7

I have a character string ("00010000") and need to identify which position do we see the first "1". (This tells me which month a customer is active)

I have a dataset that looks like this:

id  <- c(1:5)
seq <- c("00010000","00001000","01000000","10000000","00010000")
df <- data.frame(id,seq)

I would like to create a new field identifying the first_month_active for each id.

I can do this manually with a nested ifelse function:

    df$first_month_active <-
        ifelse(substr(df$seq,1,1)=="1",1,
        ifelse(substr(df$seq,2,2)=="1",2,
        ifelse(substr(df$seq,3,3)=="1",3,       
        ifelse(substr(df$seq,4,4)=="1",4,
        ifelse(substr(df$seq,5,5)=="1",5,99 ))))) 

Which gives me the desired result:

  id  seq        first_position
  1   00010000   4
  2   00001000   5
  3   01000000   2
  4   10000000   1
  5   00010000   4

However, this is not an ideal solution for my data, which contains 36 months.

I would like to use a loop with an ifelse statement, however I am really struggling with syntax

for (i in 1:36) {
ifelse(substr(df$seq,0+i,0+i)=="1",0+i,
}

Any ideas would be greatly appreciated

1
  • 2
    I think strsplit might help.
    – Frank
    Mar 18, 2015 at 13:23

7 Answers 7

12

Or try the stringi package

library(stringi)
stri_locate_first_fixed(df$seq, "1")[, 1]
## [1] 4 5 2 1 4
10

Skip the loop and the ifelse:

9 - nchar(as.numeric(seq))
## [1] 4 5 2 1 4

This won't work the same in your data.frame because you coerced seq to factor implicitly, so just do:

9 - nchar(as.numeric(as.character(df$seq)))
## [1] 4 5 2 1 4

Edit: Just for fun, since Frank didn't convert his comment into an answer, here's strsplit solution:

# from original vector
sapply(strsplit(seq, "1"), nchar)[1,] + 1
## [1] 4 5 2 1 4

# from data.frame
sapply(strsplit(as.character(df$seq), "1"), nchar)[1,] + 1
## [1] 4 5 2 1 4
3
  • the first one worked for me (clever solution), but that one makes alot of sense too. wonderful!
    – Chris L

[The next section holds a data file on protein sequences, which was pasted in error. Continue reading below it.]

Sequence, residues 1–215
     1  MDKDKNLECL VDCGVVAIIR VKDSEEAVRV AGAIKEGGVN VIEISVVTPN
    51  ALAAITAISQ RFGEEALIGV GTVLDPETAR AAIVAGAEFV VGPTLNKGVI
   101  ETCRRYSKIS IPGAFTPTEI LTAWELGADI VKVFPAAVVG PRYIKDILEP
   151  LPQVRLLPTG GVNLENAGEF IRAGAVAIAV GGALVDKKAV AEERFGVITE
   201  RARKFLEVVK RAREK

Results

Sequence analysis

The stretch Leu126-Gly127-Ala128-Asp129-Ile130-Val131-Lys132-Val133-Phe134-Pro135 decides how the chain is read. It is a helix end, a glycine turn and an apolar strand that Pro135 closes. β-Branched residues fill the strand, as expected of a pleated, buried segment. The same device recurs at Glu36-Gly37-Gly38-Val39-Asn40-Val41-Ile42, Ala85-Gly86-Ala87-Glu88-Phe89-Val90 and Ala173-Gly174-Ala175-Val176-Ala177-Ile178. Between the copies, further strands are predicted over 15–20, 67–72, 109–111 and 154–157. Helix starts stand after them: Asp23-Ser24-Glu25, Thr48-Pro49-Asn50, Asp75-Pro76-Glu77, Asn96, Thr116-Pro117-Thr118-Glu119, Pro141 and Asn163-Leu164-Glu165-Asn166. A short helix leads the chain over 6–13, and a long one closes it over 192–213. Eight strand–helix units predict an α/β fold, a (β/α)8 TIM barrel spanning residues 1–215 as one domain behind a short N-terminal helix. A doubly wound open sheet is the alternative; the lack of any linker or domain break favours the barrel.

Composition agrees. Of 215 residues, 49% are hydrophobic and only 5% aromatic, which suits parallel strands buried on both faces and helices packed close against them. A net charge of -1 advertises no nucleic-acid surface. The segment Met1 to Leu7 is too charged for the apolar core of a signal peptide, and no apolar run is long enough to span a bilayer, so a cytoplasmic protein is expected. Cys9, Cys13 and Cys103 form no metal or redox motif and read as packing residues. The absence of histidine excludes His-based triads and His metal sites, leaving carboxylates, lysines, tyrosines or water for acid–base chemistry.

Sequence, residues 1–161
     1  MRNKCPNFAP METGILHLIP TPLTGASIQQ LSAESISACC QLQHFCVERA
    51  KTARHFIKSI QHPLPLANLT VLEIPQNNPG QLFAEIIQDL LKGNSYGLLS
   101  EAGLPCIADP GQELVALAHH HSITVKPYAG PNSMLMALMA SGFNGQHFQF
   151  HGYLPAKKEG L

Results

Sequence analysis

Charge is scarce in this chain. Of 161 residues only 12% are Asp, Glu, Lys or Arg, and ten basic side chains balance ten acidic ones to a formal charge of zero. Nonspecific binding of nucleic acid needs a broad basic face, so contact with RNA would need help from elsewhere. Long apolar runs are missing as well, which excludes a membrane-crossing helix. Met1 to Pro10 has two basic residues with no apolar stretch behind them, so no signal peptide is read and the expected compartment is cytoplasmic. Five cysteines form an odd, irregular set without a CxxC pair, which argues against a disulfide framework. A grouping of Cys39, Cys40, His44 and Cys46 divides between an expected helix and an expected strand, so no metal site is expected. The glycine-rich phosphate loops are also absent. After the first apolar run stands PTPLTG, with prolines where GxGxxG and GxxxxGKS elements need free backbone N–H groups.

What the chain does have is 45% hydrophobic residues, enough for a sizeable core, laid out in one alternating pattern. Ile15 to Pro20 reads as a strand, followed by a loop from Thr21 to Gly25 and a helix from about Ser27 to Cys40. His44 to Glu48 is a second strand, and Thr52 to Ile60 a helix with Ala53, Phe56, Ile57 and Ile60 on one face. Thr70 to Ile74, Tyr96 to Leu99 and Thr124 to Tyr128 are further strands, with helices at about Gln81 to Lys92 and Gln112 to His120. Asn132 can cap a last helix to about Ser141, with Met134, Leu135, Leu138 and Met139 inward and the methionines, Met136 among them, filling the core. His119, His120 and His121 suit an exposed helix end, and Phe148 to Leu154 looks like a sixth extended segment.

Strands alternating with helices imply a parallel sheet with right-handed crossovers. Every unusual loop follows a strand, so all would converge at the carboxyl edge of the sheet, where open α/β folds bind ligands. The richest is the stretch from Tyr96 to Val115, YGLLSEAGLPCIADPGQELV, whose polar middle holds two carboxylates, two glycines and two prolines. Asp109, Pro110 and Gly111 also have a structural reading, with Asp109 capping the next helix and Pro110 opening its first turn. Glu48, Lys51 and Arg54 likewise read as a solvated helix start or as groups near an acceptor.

Mar 18, 2015 at 13:52
  • The apparent string is "00010000" but it should be noted this could be double characters depending on encoding. In that case strtrim should be called first giving the expected length otherwise the strsplit may not have the expected results.
    – John
    Mar 18, 2015 at 13:53
  • Ah, neat trick. I was thinking of the messier sapply(strsplit(c("01001","10000"),"",fixed=TRUE),function(x)which(x=="1")[1])
    – Frank
    Mar 18, 2015 at 14:05
8

You can use gregexpr.

> unlist(gregexpr(pattern=1,seq,fixed=T))
[1] 4 5 2 1 4
1
  • 2
    The problem with this one is that if there is more than one "1" it will report both instead of just the first one. Use regexpr to just get the first one.
    – John
    Mar 18, 2015 at 13:47
8

The following could do this job:

library(stringr)
str_locate(pattern ='1',seq)
6

Some comparisons:

library(stringi)
library(stringr)

seq <- c("00010010","00001000","10000010","10000000","00010000")
seq2 <- rep(seq, 5e6)

system.time(regexpr("1", seq2))
   user  system elapsed 
   4.78    0.03    4.82

system.time(9-nchar(as.numeric(as.character(seq2))))
   user  system elapsed
   34.89    0.18   35.52

system.time(str_locate(pattern ='1',seq2))
   user  system elapsed 
   6.17    0.21    6.53

system.time(stri_locate_first_fixed(seq2, "1")[, 1])
   user  system elapsed
   1.68    0.15    1.84

system.time(nchar(seq2)-round(log10(as.numeric(seq2))))
   user  system elapsed
   7.67    0.09    7.86

system.time(nchar(sub('1.*', '', seq2))+1)
   user  system elapsed
   14.61    0.11   14.93
3
  • 1
    You should use microbenchmark for timings. It is more reliable than system.time.
    – Thomas
    Mar 18, 2015 at 18:55
  • @Thomas all the benchmarks were in seconds differences, there is no need in mocrobenchmark. Mar 18, 2015 at 19:20
  • 1
    You could add "fixed = TRUE" in regexpr to improve performance.
    – alexis_laz
    Mar 18, 2015 at 19:44
3

Another one, using log:

  nchar(seq)-round(log10(as.numeric(seq)))
3

Another option using sub

nchar(sub('1.*', '', seq))+1
#[1] 4 5 2 1 4

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